Encouraging a student who lacks confidence 

By lmt-editorApril 12, 2023
Est. Reading: 4 minutes

Confidence is required to play a musical instrument, and it has a significant impact on the quality of one's performance. It will aid in developing a brilliant sound production and a remarkable technique. It is nearly impossible to perform the most complex pieces without it, and lacking confidence may cause your playing to sound weak. 

I gained a lot of confidence in my early twenties, but I had a lack of confidence as a child. 

It had a negative impact on my piano playing, resulting in weak and insecure performances. 

I could play reasonably well at home, but my efforts were futile when I went to piano lessons. 

I was so afraid of not being able to play well or of being told that I wasn't good enough that I couldn't even press the keys. I would make an extremely superficial sound and muddle through all of the technical passages. The more concerned I was, the less interesting my performances would be, the more confidence I would lose, and the more I would be criticised. 

Quest for perfection

This lack of confidence, I believe, stems from a quest for absolute perfection, which resulted in not being perfect at all! 

Because I specialise in teaching adults, I frequently encounter people who said to themselves before touching the keyboard, "It's going to be disastrous" or "It's all going to go wrong." They would do it before each and every performance at every lesson. Their performance would have been very acceptable to me, but they kept saying, "they might be the worst student I have ever met." 

I recall a specific person. She was a successful and talented woman. She was also very attractive and appeared to lead an exciting lifestyle. She appeared to be quite sure of herself in everyday life, but as soon as she sat down at the piano, she lost all confidence. She always wanted to go slowly through each piece or technical exercise to ensure that everything was in order. She was constantly doubting herself and struggled to play a piece from start to finish without making a mistake. It appeared that her lack of confidence kept her from performing as beautifully as she could have, which was a real shame. We talked about it and she revealed that her aim of perfection was actually preventing her to express herself fully. 

Trying to make everything perfect

I had another student who had a very successful career as well. She was a total perfectionist who demanded that everything be "perfect." As a result, she played so softly that I couldn't hear the sound that was supposed to come from the grand piano. 

These examples demonstrate to me that a lack of confidence is caused by a fear of failure, and it can severely limit people's abilities. 

Adults who are new to music playing frequently doubt themselves, so I believe it is critical to put them at ease by emphasizing that mistakes do not matter. 

I completely understand why adults are shy. Most of my students are highly successful professionals who are suddenly confronted with the harsh reality of being "OK" at something new. 

I purposefully put some quote/unquote signs around the word OK because their perception of being average at music playing is not accurate. They believe they are not very good at it because it is new to them and they have not excelled as much as they expected. They have most likely not been in that situation since their studies and are, therefore, unprepared to be the novices that they are.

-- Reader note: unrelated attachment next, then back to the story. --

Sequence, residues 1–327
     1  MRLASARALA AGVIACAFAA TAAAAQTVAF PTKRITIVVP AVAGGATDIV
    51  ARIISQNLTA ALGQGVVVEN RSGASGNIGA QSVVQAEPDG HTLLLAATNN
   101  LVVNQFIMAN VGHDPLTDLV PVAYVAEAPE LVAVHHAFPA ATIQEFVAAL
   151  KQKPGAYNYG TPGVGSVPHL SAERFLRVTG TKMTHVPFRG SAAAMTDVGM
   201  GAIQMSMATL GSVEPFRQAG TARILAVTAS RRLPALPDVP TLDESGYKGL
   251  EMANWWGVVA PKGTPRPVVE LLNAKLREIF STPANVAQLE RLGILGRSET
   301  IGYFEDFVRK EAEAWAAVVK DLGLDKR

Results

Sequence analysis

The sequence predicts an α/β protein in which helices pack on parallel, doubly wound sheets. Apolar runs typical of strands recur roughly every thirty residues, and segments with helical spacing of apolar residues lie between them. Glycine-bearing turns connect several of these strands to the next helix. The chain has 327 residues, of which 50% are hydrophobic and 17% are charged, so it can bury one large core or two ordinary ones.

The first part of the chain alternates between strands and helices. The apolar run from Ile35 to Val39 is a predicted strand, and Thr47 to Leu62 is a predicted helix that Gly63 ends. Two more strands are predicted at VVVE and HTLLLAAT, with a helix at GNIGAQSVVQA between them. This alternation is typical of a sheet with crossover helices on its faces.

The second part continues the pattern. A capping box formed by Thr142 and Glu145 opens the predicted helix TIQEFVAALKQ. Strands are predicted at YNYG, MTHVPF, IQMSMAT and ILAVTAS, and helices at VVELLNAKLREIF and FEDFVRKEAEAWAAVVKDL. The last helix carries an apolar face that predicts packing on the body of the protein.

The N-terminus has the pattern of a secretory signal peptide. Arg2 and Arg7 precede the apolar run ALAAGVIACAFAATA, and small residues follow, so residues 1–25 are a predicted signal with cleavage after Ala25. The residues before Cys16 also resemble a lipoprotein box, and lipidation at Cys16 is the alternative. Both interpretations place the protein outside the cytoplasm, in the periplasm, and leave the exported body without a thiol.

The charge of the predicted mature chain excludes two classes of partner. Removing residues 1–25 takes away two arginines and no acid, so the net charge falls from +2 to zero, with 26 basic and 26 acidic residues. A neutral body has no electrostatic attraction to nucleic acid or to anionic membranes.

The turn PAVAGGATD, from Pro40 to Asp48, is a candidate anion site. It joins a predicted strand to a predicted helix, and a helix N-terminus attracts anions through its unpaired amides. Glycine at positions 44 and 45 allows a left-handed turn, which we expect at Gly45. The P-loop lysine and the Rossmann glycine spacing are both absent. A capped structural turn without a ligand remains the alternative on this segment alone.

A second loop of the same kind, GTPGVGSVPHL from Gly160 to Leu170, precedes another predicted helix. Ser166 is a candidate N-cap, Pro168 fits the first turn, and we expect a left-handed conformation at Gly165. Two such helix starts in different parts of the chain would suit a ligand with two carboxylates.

I believe they lose confidence as a result of this, preventing them from achieving much better results. 

Focus on the positive aspects!

I always encourage my students and always begin my report after a performance by discussing the positive aspects of their performance. After they've identified what they've done well, I look for areas where they can improve without ever criticising them negatively. I always tell them that what they have to do is difficult and that if we have to work on a specific passage, it is completely normal. 

Because confidence is so important in music, saying anything that might cause your students to lose theirs could be extremely damaging. 

Children aren't very good at hiding their shyness, but adults can often pull it off. 

As a result, you should approach each of your adult students as if they lacked confidence. 

You should always compliment them on their accomplishments and provide them with practice material appropriate for their current ability level. Playing too difficult technical exercises or pieces may be detrimental and result in your student losing confidence. 

Two-piece approach

I always enjoy working on two pieces at the same time: one that is well-known but still has room for improvement, and the other that is brand-new. As a result, students are not constantly confronted with new challenges, which can give them the impression that they are back at the bottom of the ladder. 

I also advise my students not to put away a piece that they have mastered, but rather to play it from time to time in their spare time. Hearing yourself play something well while working on new material, I believe, boosts confidence. 

I congratulate my students

I never hesitate to congratulate my students on their incredible progress and to share my impressions with them. Music students are often so engrossed in their studies that they do not realize how far they have come. That is why it is critical to provide them with feedback on a regular basis and to remind them that they are doing an excellent job! 

I hope you found this article helpful and that you now better understand why some adults may lack confidence. I hope you now better understand how to deal with and resolve this issue if it arises in the future! 

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